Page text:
Ortolan Bunting
Emberiza hortulana
Population size
8-17.9 Mlnlnn
Life Span
2-5.8 years
cm inch 

The Ortolan bunting (Emberiza hortulana) is a small seed-eating songbird found in Europe and Western Asia. The bird is widely used in French cuisine and due to this, its French populations dropped dangerously low, leading to laws restricting its use in 1999.


In appearance and habits the Ortolan bunting much resembles its relative the yellowhammer, but lacks the bright coloring of that species; the ortolan's head, for instance, is greenish-grey, instead of a bright yellow.




Ortolan buntings are native to most European countries and western Asia. Their range reaches as far north as Scandinavia and beyond the Arctic Circle. These birds are far-distant migrants and spend their winters in Africa. Ortolan buntings inhabit an open landscape with trees, sparse shrubs, and not very dense grassy vegetation. They prefer forest edges and thickets of bushes among the fields. These birds can also be found in gardens and cultivated areas.

Ortolan Bunting habitat map

Climate zones

Ortolan Bunting habitat map
Ortolan Bunting
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Habits and Lifestyle

Ortolan buntings are generally solitary, however, during the breeding season they may gather in small groups at important feeding spots. They are active during the day spending most of their time foraging. They hop along the ground in search of seeds and walk or run when pursuing beetles and other insects. If disturbed Ortolans usually fly to a low branch or fence. Their common call is a short 'tsi' sound and the song of the males resembles that of the Yellowhammer but gentler and more melodic.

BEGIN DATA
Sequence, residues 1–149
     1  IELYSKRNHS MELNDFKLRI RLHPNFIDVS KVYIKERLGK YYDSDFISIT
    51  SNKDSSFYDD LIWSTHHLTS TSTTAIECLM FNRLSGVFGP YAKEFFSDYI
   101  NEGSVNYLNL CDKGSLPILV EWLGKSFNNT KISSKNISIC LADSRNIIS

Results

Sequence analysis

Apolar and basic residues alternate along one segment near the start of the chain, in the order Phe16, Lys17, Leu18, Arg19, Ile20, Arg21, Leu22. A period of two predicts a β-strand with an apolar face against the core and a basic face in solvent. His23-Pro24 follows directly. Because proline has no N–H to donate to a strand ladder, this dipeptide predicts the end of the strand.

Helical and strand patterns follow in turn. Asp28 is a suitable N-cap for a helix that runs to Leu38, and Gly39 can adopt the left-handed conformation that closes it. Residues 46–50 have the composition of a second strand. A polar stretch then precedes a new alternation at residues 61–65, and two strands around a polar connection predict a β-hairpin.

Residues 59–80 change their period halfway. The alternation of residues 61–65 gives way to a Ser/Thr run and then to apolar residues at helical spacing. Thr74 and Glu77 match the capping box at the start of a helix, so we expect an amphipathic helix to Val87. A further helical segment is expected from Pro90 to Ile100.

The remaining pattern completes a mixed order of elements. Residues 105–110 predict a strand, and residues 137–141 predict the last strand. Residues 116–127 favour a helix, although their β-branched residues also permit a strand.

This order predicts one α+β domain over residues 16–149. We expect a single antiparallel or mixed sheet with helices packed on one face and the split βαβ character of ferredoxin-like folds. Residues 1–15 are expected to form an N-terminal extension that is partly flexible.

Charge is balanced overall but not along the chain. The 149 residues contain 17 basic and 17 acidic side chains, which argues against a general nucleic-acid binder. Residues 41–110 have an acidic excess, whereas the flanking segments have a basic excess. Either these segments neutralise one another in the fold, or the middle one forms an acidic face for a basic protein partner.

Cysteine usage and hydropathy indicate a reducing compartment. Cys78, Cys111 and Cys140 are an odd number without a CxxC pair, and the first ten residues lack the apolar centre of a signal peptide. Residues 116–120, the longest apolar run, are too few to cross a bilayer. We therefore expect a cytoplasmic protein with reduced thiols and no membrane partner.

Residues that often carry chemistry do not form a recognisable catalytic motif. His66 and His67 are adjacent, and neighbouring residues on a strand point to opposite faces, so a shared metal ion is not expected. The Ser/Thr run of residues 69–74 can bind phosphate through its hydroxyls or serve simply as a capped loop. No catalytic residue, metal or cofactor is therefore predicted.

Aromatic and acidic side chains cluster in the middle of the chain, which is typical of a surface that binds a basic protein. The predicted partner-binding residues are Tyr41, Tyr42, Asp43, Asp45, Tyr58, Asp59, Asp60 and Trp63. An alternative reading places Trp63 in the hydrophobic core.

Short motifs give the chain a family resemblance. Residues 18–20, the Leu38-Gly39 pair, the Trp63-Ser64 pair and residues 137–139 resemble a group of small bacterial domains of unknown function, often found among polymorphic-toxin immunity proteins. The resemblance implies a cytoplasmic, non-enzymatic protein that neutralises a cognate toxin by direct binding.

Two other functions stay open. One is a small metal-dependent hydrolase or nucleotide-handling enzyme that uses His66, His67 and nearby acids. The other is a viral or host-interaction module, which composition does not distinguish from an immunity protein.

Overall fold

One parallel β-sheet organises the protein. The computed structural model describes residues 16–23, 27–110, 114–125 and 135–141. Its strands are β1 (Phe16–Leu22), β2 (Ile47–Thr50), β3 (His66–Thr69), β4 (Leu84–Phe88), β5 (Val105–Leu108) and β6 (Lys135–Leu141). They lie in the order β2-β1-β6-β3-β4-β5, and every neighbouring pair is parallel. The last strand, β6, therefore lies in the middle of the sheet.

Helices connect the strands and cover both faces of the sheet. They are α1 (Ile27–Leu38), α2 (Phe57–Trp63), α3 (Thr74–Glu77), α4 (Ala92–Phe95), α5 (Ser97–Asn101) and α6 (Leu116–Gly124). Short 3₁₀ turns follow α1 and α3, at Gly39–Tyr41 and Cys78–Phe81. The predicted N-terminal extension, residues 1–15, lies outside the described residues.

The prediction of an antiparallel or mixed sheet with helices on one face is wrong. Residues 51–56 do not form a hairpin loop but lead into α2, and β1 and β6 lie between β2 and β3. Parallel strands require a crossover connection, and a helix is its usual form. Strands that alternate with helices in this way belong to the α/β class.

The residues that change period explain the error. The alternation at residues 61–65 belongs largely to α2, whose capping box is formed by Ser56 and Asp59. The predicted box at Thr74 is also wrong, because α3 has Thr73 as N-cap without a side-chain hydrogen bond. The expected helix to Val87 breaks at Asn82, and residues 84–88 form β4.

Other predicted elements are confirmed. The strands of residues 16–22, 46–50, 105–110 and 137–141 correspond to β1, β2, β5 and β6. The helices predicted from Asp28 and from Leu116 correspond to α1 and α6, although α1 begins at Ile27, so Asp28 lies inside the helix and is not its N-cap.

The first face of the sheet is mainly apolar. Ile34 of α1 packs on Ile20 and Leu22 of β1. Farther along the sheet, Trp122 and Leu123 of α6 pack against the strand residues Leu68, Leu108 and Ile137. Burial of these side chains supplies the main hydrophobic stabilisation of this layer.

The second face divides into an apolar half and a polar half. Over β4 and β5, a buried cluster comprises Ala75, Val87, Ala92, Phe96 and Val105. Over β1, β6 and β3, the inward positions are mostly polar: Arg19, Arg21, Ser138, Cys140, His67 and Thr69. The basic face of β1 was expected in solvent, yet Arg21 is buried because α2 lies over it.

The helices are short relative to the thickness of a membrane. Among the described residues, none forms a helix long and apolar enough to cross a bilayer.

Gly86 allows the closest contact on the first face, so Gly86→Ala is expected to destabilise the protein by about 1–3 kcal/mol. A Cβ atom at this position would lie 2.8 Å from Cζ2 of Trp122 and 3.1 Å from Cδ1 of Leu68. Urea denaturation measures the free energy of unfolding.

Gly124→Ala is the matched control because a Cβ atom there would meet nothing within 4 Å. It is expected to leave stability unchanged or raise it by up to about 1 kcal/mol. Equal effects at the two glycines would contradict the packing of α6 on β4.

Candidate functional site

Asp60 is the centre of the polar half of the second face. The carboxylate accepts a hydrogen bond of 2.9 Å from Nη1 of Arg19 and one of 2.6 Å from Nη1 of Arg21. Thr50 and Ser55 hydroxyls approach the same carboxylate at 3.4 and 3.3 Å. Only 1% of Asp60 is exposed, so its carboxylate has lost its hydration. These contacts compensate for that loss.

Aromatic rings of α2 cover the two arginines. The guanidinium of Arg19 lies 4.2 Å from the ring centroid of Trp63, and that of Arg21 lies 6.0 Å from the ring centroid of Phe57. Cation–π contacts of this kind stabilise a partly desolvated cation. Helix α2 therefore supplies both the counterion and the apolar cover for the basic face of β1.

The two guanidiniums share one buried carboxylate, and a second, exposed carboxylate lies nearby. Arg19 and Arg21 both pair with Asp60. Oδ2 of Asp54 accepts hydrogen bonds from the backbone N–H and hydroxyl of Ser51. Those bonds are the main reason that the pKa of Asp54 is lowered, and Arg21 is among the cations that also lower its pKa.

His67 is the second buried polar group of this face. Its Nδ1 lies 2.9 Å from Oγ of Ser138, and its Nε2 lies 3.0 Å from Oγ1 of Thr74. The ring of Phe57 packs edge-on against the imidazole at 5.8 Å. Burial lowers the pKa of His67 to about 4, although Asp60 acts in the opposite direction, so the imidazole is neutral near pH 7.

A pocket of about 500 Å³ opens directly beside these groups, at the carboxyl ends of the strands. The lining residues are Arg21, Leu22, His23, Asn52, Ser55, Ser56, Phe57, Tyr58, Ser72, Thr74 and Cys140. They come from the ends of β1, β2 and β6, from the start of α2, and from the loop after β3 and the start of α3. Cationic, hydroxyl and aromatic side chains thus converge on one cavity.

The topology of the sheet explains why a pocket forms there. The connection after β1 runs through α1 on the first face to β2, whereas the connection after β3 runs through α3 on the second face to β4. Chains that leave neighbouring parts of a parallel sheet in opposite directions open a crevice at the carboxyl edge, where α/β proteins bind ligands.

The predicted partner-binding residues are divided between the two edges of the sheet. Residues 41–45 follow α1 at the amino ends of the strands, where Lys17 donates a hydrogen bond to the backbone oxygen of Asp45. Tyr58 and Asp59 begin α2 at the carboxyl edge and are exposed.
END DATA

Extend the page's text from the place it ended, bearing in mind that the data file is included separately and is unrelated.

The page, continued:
Seasonal behavior
Bird's call

Diet and Nutrition

Ortolan buntings are herbivores (granivores) and carnivores (insectivores). They feed mainly on seeds but during the breeding season will switch their diet to various insects.

Mating Habits

mid-April to early June
11-12 eggs
4-5 eggs

Ortolan buntings breed between mid-April and early June. They nest in separate pairs at a considerable distance from each other. However, sometimes pairs may nest together. Ortolans place their nest on the ground, hiding it in crops of cultivated cereals, and perennial grasses, among the sparse grassy vegetation under a small bush or a bunch of grass. The nest is built from dry stems and leaves of cereals, thin roots, and occasionally dry leaves. It is lined with roots, horsehair, and sometimes with feathers. The female lays 4-5 eggs and incubates them for about 11-12 days. The chicks hatch blind, helpless, and are fed and brooded by both parents. They remain in the nest for 10-13 days and start to learn to fly a few days later.


Population threats

The main threats to the Ortolan buntings include habitat loss which leads to the lack of suitable foraging and nesting areas, the use of insecticides in agricultural areas where these birds typically forage, and isolation of the remaining populations due to habitat fragmentation. Ortolan buntings are also heavily hunted and trapped during their migration.

Population number

According to the IUCN Red List, the total population size of the Ortolan bunting is 8,000,000-17,999,999 mature individuals. In Europe, the breeding population consists of 3,330,000-7,070,000 pairs, which equates to 6,660,000-14,100,000 mature individuals. Currently, this species is classified as Least Concern (LC) on the IUCN Red List but its numbers today are decreasing.

Coloring Pages


1. Ortolan Bunting on Wikipedia - https://en.wikipedia.org/wiki/Ortolan_bunting
2. Ortolan Bunting on The IUCN Red List site - https://www.iucnredlist.org/species/22720916/111136121
3. Xeno-canto bird call - https://xeno-canto.org/705513

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